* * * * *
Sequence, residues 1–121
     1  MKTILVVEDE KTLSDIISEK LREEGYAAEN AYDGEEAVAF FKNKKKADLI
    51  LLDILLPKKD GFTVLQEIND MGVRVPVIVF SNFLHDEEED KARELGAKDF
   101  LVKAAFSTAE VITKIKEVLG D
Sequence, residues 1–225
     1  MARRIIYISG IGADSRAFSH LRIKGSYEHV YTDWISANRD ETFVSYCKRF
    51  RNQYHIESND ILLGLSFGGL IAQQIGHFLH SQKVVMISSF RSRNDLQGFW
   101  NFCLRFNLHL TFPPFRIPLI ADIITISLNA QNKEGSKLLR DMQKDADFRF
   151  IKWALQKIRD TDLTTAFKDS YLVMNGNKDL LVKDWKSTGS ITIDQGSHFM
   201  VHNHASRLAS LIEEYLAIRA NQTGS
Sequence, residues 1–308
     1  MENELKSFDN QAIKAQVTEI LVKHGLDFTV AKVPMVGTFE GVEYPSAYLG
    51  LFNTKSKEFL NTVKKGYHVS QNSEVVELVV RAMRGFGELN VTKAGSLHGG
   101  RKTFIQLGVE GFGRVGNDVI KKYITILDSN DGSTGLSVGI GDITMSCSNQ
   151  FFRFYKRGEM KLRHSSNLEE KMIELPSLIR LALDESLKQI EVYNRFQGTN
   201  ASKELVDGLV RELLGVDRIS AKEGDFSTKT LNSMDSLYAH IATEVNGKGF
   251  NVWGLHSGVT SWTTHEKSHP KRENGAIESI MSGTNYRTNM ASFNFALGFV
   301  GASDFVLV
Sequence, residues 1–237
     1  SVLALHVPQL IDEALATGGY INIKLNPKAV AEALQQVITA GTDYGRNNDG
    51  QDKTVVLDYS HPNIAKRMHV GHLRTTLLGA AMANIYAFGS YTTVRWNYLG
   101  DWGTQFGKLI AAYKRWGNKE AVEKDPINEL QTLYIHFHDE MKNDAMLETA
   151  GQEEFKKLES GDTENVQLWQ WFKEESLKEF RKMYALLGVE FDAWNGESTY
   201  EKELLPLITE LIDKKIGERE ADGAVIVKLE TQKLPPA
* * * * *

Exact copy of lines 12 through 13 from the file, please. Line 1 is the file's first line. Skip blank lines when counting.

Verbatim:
     1  MENELKSFDN QAIKAQVTEI LVKHGLDFTV AKVPMVGTFE GVEYPSAYLG
    51  LFNTKSKEFL NTVKKGYHVS QNSEVVELVV RAMRGFGELN VTKAGSLHGG